With the peak torque set at 4,000rpm 3rd and 4th gears are stupendous fun on back roads. For me 3rd and 4th gears on any bike is where the fun is at, it’s these gears I use most getting my adrenalin fix when carving up country back roads or France’s D road twisties in the Alps or Pyrenees. And I can’t help think that this was the type of riding that was high on agenda for the V-Strom‘s designers as well as motorway fuel economy. So what if the bike starts to run out of steam at 6,500rpm in 6th gear? At this stage outside of a German motorway I’ll be moving fast enough to face a hefty fine or loss of licence anyway.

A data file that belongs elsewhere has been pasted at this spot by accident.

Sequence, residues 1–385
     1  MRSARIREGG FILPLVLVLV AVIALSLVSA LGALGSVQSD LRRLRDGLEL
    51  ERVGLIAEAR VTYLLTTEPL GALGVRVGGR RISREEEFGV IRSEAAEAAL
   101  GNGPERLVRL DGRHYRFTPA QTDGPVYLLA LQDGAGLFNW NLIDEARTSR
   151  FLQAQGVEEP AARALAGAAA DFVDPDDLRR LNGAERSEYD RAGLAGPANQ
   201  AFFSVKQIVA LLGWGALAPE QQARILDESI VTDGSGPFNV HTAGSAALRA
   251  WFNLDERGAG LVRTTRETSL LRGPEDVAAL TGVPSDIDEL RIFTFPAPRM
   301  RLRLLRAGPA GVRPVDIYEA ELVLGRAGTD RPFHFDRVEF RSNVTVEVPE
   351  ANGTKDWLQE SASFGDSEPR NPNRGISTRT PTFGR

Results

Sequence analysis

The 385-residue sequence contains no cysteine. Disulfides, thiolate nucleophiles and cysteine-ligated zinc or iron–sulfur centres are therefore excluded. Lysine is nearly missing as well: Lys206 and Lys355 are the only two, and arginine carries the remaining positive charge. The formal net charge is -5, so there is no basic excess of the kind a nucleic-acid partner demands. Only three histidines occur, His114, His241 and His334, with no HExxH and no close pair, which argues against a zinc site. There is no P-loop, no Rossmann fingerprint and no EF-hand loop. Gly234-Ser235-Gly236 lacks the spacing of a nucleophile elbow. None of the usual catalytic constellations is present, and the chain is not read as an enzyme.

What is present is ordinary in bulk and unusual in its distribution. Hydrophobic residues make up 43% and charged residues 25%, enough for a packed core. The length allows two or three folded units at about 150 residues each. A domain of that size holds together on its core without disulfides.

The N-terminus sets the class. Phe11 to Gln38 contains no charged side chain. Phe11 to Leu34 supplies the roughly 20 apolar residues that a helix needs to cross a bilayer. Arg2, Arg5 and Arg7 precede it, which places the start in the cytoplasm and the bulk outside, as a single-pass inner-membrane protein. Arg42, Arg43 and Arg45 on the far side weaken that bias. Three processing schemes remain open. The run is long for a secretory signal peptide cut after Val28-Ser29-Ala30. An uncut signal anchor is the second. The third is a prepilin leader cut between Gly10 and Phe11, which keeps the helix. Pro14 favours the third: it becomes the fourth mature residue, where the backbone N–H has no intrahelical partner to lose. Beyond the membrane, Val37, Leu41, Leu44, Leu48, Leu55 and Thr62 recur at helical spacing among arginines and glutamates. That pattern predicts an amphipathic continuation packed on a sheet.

If you try this bike yourself and your taken by surprise at the massive pulling power of the V-Strom between 3,000 to 5,000rpm, like I was during one overtake, you have the security of traction control which has 3 settings, level 1 “the lowest” level 2 “the most invasive” probably perfect for wet greasy roads, and off. Make sure traction control is set to level one for a test ride in dry conditions. This traction control was also an eye opener for me to it’s purpose. During the overtake I pulled on the throttle as I would my F800GS which resulted in me being sling shot past the car quicker than my Tiger 800 could have done, firing me from 30mph to 75mph far quicker then I was expecting. At around 65mph (and still rapidly accelerating) while in 3rd gear I felt the front wheel lifting and a hint of the back loosing traction and kicking to the right. But before my conscious brain registered the danger and instructed my grip to lay off the steam the traction control (set at level one – the least invasive setting) magically and without fuss settled the V-Strom back into a controlled, well planted over-take. From this experience I will be re-evaluating my slightly negative opinion of rider aids on high torque bike models because as this experience shows, even an experienced rider of any skill level can get caught out. Note to self; there is a big fecken difference between a 798cc parallel twin and a 1037cc v-twin.